to have the integrity of their water supply secured in the event it is threatened by pollution from a spill.” Id. at 77. The Court’s mandate as to Section 3218.1 is stayed for 180 days in order to allow the General Assembly the opportunity to revise the provision to include DEP notification to private well owners. If no action is taken by the General Assembly, then the entire provision will be stricken and the DEP will not be required to provide contamination notices to the owners of private or public water supplies. 4. Storage Provisions Constitute a Private Taking by Private Corporations. Provided certain conditions are met, Section 3241 authorizes a private corporation to appropriate subterranean real property interests in order to store natural and manufactured gas. The Court found that this section violates the Constitutions of both the United States and Pennsylvania for two primary reasons. First, the application of this provision is not limited to public utilities and applies to all corporations that are “empowered to transport, sell, or store natural gas or manufactured gas in this Commonwealth.” Id. at 85-86 (“Critically, then, Section 3241(a), by its terms, does not restrict the type of corporation eligible to take the subterranean lands of another property owner to only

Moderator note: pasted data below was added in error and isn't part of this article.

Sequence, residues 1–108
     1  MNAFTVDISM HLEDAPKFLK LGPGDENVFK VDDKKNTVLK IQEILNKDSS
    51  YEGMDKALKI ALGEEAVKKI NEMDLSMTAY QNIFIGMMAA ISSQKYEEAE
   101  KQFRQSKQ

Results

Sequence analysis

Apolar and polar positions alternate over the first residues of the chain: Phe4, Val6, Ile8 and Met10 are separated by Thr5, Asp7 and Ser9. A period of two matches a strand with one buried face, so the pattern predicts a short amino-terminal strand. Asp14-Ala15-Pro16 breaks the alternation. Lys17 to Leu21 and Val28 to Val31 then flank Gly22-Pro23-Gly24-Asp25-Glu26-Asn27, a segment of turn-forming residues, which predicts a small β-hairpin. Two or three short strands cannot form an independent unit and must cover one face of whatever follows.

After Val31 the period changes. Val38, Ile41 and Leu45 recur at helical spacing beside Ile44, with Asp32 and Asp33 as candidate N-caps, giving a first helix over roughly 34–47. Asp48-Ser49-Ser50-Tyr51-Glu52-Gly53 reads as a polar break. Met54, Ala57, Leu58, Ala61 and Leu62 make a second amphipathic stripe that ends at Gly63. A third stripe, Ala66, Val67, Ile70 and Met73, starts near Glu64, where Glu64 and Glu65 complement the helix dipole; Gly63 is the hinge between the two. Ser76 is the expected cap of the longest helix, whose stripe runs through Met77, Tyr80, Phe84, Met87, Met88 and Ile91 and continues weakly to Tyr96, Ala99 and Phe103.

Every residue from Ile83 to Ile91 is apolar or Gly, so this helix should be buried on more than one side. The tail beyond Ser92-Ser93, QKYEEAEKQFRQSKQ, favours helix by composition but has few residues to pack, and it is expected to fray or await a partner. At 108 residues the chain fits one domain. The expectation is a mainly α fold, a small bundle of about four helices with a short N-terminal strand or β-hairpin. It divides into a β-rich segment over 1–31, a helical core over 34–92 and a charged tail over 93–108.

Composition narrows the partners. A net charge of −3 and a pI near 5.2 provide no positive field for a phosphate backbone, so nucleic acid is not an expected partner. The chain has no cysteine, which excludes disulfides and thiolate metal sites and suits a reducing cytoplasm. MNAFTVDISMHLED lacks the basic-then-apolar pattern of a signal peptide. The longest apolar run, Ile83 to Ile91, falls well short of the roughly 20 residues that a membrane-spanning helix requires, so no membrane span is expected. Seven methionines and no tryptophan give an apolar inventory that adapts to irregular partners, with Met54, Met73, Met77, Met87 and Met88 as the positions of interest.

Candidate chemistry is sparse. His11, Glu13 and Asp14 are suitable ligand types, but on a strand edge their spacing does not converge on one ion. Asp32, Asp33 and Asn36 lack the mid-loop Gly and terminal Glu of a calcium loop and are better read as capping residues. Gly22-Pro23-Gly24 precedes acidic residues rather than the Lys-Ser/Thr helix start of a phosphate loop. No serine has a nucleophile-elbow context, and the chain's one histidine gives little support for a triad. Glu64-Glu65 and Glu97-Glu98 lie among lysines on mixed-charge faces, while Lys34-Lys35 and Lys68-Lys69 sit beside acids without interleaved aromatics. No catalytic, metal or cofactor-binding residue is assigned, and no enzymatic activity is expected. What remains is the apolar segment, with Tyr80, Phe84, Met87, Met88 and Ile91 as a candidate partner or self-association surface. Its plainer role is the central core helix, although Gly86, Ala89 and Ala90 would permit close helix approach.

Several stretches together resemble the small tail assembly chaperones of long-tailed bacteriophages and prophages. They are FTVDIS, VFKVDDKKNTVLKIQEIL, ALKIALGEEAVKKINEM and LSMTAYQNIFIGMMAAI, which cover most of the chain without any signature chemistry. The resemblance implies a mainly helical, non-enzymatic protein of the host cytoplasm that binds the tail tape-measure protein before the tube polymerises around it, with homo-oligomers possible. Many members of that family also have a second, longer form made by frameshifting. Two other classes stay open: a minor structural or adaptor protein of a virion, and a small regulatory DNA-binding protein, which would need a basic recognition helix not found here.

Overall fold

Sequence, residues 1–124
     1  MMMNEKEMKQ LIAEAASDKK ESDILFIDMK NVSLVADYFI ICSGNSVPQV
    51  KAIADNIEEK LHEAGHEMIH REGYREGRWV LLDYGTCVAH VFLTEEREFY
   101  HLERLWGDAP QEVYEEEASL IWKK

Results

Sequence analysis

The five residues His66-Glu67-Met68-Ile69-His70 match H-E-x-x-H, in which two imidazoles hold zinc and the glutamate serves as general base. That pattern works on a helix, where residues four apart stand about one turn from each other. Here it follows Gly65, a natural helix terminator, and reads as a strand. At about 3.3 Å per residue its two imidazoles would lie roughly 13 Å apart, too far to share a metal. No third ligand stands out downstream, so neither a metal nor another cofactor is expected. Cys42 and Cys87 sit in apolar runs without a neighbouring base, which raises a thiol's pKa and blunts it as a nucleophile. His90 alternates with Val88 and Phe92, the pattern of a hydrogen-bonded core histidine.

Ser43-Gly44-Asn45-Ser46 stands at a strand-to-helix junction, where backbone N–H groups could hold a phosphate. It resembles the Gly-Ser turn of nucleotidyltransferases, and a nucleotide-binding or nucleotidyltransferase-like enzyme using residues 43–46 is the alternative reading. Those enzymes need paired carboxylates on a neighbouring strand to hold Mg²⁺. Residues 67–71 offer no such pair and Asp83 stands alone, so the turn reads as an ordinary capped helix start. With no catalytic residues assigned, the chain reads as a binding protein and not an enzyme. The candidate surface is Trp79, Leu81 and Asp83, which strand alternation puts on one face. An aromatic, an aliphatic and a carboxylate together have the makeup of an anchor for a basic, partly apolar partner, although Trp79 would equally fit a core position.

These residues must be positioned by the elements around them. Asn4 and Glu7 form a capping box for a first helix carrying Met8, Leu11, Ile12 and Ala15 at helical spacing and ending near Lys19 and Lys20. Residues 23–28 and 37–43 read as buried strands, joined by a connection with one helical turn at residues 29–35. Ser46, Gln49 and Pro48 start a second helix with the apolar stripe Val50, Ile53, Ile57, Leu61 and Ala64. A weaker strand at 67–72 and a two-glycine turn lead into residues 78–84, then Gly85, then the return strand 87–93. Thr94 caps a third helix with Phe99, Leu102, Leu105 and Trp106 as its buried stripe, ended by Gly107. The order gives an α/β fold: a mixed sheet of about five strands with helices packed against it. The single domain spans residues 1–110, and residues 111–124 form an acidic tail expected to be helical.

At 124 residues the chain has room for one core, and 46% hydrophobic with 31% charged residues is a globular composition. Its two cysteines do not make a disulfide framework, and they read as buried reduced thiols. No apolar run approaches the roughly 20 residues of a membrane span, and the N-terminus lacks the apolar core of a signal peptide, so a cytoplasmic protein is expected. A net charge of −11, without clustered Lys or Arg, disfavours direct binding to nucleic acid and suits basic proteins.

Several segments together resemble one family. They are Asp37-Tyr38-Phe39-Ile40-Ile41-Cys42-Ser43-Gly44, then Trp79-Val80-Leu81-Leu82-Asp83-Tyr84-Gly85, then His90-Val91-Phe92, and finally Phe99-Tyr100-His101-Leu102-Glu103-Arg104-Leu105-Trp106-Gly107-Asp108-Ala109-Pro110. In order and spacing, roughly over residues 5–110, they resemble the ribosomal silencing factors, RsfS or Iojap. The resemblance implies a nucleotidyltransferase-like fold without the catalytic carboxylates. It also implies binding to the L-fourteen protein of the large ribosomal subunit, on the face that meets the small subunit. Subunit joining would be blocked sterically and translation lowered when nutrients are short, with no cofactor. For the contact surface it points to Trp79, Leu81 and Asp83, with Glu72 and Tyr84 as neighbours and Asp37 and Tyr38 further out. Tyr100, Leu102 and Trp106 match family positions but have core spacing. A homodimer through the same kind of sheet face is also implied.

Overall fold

corporations that meet these specific legislatively imposed conditions for them to qualify for classification as public utilities.”). Second, the Court found that the public is not the primary and paramount beneficiary from any takings under this provision. Id. at 86 (“[Section 3241] advances the proposition that allowing such takings would somehow advance the development of infrastructure in the Commonwealth. Such a projected benefit is speculative, and, in any event, would be merely an incidental one and not the primary purpose for allowing these types of takings.”).
Adam S. Ennis (724) 749-3180 firstname.lastname@example.org Southpointe, PA
Bridget D. Furbee (304) 933-8117 email@example.com Bridgeport, WV
Denbury v. Texas Rice: Clarifying the Test for Common Carrier Status, Power of Eminent Domain By: Austin Brister
3. rejecting the appellate court’s “substantial public interest” test, and
On Friday, January 6, 2017, the Texas Supreme Court issued its long-awaited opinion in Denbury Green Pipeline–Texas, LLC v. Texas Rice Land Partners, Ltd. (“Texas Rice II”),  holding that: 1. Denbury’s evidence of a post-construction transportation agreement with an unaffiliated customer was relevant to the “reasonable probability test,”
4. holding that Denbury had “conclusively” established its qualification as a common carrier with the power of eminent domain.
The opinion provides clarity as to the test previously set forth in Texas Rice Land Partners, Ltd. v. Denbury Green Pipeline–Texas, LLC (“Texas Rice I”),  and the types of evidence relevant to that determination.
2. rejecting a rule that the requisite intent must exist at the time the pipeline was contemplated,
G r o w t h T h r o u g h E d u c a t i o n - J a n u a r y / F e b r u a r y / M a r c h 2 0 1 7
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